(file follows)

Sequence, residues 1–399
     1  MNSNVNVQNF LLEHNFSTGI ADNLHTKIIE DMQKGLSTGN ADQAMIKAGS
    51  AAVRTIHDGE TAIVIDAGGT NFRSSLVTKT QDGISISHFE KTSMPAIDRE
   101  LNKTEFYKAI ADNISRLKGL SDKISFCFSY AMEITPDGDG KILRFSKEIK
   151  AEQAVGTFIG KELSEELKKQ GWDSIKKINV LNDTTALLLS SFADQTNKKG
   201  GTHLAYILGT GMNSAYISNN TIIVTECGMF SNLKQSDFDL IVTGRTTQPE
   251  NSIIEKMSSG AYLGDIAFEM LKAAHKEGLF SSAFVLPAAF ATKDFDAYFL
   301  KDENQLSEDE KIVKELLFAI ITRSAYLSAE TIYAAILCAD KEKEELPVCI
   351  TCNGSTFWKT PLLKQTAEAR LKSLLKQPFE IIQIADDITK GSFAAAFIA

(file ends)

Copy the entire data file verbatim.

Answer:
Sequence, residues 1–399
     1  MNSNVNVQNF LLEHNFSTGI ADNLHTKIIE DMQKGLSTGN ADQAMIKAGS
    51  AAVRTIHDGE TAIVIDAGGT NFRSSLVTKT QDGISISHFE KTSMPAIDRE
   101  LNKTEFYKAI ADNISRLKGL SDKISFCFSY AMEITPDGDG KILRFSKEIK
   151  AEQAVGTFIG KELSEELKKQ GWDSIKKINV LNDTTALLLS SFADQTNKKG
   201  GTHLAYILGT GMNSAYISNN TIIVTECGMF SNLKQSDFDL IVTGRTTQPE
   251  NSIIEKMSSG AYLGDIAFEM LKAAHKEGLF SSAFVLPAAF ATKDFDAYFL
   301  KDENQLSEDE KIVKELLFAI ITRSAYLSAE TIYAAILCAD KEKEELPVCI
   351  TCNGSTFWKT PLLKQTAEAR LKSLLKQPFE IIQIADDITK GSFAAAFIA